His capacity to suppress his own moral qualms is chilling. Pence is perfectly representative of the conservative movement and the normal, non-Drumpf Republican Party, which is why Drumpf selected him over his personal preference for the more instinctively slavish footman Chris Christie. And Pence’s response to the revelatory Billy Bush audio is a synecdoche for the behavioral response that has allowed Drumpf to mostly consolidate his party and come within missed-short-field-goal odds of becoming president.

This is not a joke. This is one of the moments in history when the republic is at the brink.

And its that last part of Chait’s article that is really interesting. For all the grim distaste this election, how many people perceive the “republic at the brink” aspect of it?   I crossed paths with a neighbor a few days ago — an elderly man who has been a fixture at the local polling station for as long as I’ve lived in this rural western Indiana community. I said, “See you on Tuesday,” and he said, “No, you won’t. I’m not working the polls this year.” So my neighbor has cottoned to the fact that this process isn’t something he wants to associate with.

We have been trained through the years to believe that the solution to whatever is wrong can be fixed in the next election. But if elections are not the solution — if elections are a big part of the problem — then we have to stop believing that elections are going to solve anything. Writer Seth Stevenson takes us a couple of steps in that direction with this article on “The Stupid Way We Vote.”  Here’s the cogent part:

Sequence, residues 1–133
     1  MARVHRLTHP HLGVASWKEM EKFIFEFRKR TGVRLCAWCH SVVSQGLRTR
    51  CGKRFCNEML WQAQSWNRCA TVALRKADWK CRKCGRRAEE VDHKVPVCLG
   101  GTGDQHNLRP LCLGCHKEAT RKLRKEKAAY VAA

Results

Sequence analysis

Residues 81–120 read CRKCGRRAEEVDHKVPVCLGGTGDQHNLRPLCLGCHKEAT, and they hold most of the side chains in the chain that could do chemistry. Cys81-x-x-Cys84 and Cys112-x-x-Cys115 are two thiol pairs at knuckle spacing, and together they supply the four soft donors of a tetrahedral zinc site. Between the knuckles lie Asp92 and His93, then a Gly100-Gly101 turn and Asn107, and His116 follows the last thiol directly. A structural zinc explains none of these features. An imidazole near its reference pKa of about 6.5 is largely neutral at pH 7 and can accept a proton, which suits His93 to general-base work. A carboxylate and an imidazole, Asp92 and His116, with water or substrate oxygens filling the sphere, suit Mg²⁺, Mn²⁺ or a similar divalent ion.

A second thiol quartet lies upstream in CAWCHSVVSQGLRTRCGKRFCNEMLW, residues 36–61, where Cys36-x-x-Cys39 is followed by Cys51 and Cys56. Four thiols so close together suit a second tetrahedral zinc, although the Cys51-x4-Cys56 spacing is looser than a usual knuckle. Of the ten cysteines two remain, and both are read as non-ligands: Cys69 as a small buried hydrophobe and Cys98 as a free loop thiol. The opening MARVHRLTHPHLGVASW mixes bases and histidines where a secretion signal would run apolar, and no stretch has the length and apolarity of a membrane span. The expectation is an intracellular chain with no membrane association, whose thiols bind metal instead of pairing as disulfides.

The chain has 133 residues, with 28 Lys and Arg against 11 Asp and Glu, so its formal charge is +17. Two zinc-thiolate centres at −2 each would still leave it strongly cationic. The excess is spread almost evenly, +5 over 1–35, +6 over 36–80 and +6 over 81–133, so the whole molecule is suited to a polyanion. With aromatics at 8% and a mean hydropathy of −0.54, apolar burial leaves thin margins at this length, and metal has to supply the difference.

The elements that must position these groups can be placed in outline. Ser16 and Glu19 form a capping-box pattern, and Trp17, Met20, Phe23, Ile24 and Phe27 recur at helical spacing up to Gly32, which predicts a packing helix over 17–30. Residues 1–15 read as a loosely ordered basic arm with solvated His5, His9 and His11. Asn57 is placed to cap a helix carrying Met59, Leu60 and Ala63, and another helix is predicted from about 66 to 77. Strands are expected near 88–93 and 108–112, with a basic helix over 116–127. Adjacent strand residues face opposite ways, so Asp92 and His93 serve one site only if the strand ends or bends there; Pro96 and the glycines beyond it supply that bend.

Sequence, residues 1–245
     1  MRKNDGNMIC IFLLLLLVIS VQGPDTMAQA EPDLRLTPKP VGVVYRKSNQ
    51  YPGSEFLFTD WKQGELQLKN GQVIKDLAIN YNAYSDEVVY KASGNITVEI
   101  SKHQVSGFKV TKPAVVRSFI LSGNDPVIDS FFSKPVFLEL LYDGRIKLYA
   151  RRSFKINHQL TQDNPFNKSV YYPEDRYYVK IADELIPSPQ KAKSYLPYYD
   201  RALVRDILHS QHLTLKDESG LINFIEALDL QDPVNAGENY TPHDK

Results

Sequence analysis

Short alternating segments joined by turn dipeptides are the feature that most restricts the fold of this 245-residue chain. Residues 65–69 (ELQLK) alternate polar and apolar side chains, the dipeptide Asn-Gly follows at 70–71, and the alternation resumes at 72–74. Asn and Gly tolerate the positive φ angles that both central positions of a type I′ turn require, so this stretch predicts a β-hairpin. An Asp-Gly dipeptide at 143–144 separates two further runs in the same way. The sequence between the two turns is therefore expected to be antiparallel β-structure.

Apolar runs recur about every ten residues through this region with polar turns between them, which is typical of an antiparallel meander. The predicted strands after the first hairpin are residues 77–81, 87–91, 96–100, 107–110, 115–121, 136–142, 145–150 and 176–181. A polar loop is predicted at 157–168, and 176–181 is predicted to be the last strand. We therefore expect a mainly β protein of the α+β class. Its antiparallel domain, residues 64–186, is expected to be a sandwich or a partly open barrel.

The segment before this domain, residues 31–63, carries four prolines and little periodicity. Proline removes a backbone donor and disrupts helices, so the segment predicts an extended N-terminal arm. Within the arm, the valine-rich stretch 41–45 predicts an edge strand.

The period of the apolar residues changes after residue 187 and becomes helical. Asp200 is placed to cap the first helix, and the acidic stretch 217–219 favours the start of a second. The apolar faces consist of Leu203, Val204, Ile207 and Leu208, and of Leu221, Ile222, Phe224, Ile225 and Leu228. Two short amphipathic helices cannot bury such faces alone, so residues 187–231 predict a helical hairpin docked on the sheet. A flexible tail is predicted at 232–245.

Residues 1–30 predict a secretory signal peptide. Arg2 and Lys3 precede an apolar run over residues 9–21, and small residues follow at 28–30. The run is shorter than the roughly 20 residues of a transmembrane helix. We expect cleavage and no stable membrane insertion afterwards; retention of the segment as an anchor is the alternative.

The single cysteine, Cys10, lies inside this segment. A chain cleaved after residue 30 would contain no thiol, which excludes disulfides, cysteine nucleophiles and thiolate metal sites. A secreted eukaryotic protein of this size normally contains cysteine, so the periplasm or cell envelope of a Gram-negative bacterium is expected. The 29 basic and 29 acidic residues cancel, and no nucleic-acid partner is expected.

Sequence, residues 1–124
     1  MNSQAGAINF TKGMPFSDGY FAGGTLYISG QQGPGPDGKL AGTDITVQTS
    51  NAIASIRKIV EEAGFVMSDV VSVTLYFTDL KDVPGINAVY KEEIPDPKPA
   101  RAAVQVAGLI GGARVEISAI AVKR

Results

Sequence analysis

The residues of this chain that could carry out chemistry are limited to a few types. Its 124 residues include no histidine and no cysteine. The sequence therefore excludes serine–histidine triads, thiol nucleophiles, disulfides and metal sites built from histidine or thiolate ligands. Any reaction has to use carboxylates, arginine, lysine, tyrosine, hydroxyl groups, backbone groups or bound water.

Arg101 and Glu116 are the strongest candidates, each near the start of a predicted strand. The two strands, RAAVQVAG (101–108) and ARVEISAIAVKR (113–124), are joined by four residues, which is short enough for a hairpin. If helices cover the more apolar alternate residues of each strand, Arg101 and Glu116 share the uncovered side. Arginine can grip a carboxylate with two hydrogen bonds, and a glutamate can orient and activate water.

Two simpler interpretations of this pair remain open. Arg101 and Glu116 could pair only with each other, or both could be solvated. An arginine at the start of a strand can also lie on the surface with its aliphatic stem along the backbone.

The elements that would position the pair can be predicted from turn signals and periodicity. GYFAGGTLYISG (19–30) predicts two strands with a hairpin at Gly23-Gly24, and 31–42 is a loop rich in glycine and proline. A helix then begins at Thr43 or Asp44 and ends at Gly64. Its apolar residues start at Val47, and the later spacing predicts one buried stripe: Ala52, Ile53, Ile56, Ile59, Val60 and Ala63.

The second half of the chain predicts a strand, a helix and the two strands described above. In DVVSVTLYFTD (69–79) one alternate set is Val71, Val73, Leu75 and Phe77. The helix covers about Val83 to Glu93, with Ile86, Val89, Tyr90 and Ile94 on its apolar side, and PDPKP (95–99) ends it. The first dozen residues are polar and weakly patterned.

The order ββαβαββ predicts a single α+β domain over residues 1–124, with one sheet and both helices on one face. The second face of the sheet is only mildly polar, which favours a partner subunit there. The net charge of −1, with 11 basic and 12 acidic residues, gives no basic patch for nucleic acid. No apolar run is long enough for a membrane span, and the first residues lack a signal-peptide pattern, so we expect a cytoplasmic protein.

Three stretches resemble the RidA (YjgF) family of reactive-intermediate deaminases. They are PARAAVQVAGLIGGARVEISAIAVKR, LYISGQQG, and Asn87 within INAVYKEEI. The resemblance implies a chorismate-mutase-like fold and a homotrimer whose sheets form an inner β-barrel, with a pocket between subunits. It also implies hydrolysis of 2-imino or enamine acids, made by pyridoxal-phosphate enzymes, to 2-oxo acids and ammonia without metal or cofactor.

“A ballot that insists you choose just one option doesn’t let you convey much information about your feelings and intentions. Your vote for Ted Cruz in the New Hampshire primary might have meant that you adored Ted Cruz; or it might have meant you could barely stand Cruz but you thought he was the guy with the best chance to derail the horrifying Drumpf Train. Similarly, your vote for Ralph Nader in the 2000 general election might have meant you thought Ralph Nader could legit win the White House; or it might have meant you were super jazzed to send a message about your progressive ideals, but, of course, when it got down to it you knew Al Gore would be a better president than George W. Bush and whoops, your bad, so sorry for the Iraq war. Given the wide range of things a vote can mean, shouldn’t we find a better way to let people signal what they actually intend on their ballots?”

Yes, we should. That doesn’t happen because elections are controlled by the two political parties and the political parties have little interest in what people “actually intend.” But if the US (and the states) were to reconsider and to choose real democracy, there are plenty of reasonable alternatives.

  • Many more issues should be decided by referendum. Instead of voting for candidates who promise to lean one way or another on an important issue — let the people decide the issue directly. Instead of pondering how a vote for one or the other presidential candidate might affect the future of the Supreme Court and how that might affect fishing off the pier or the right to wear popped collars or what ever issue people care about, let the people decide the issue. Say “Yes” to popped collars!